Editor’s note: This is a transcript of the audio file.

Many homebuyers have a home inspector check the property to ensure that there is no major structural damage to the house, but there are ways to squeeze even more value from your inspection. I’m Rose Raymond with your Bankrate.com personal finance minute.

First, choose the right home inspector. Ask appraisers, attorneys and lenders for recommendations, and be sure to ask inspectors for credentials and check with the Better Business Bureau.

Next, prepare for the inspection. When you visited the house, did you notice anything strange, such as a dark spot in the basement or signs of poor insulation? Be sure to make a list of questions to ask the inspector.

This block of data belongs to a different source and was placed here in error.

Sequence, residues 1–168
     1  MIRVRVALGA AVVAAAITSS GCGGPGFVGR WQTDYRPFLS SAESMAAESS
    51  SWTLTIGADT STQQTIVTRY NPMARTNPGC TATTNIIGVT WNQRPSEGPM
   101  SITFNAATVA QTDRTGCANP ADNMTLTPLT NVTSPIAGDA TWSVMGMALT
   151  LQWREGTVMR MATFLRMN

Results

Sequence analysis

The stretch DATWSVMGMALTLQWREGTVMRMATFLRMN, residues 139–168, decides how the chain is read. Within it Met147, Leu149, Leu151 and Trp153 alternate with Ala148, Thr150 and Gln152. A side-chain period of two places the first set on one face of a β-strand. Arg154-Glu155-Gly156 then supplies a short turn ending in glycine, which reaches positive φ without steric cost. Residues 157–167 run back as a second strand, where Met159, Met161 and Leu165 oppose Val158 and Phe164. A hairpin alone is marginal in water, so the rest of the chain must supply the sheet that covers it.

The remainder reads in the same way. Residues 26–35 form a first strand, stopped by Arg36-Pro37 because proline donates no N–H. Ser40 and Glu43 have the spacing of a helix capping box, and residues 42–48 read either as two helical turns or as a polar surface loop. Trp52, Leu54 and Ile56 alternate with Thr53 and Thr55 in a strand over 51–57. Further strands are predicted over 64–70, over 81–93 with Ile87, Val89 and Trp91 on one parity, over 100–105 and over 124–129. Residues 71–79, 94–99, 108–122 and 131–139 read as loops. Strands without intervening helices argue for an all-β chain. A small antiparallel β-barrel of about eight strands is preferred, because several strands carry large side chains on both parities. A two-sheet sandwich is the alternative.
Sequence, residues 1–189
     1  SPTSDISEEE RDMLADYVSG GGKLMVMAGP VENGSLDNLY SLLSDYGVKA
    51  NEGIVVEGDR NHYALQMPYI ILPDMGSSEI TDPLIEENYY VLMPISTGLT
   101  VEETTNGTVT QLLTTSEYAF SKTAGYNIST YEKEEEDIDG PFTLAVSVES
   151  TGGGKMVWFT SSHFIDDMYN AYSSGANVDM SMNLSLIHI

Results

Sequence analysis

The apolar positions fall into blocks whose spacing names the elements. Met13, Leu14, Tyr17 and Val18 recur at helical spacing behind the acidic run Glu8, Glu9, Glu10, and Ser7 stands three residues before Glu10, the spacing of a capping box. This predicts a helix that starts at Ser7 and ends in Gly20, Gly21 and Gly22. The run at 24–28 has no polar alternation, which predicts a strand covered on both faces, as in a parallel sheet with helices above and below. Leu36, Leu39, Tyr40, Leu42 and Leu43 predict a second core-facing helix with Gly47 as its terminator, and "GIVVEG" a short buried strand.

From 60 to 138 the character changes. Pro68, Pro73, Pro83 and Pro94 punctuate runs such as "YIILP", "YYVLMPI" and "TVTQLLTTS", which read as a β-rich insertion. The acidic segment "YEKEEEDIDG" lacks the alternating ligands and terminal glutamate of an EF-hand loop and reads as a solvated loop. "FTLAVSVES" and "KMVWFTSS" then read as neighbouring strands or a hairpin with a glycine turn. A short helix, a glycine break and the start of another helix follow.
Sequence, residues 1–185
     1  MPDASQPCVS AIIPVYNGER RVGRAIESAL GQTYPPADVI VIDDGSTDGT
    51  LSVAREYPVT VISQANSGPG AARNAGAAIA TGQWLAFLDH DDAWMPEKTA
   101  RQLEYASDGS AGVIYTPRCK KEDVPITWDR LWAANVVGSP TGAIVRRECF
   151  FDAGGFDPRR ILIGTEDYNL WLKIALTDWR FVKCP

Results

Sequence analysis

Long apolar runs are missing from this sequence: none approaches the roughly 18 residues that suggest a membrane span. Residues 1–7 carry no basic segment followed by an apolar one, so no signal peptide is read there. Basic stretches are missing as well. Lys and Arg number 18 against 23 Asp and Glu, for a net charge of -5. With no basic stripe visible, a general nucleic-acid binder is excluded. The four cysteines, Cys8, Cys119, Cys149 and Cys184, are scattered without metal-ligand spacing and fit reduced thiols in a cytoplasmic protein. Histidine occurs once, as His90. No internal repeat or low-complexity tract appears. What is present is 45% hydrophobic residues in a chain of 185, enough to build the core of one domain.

Then, accompany the inspector when he or she is at work and be sure to take notes. The inspector should be able to tell you the life expectancy of individual appliances and notify you of general issues relating to the house’s maintenance and upkeep.

Finally, if you are purchasing a vacant home, be sure to tread carefully. Ask the inspector about mold and water damage. You may need to have additional inspections to make sure the house has not been neglected.

For more on home maintenance, check out Bankrate.com’s 2011 Housing Trends guide. I’m Rose Raymond.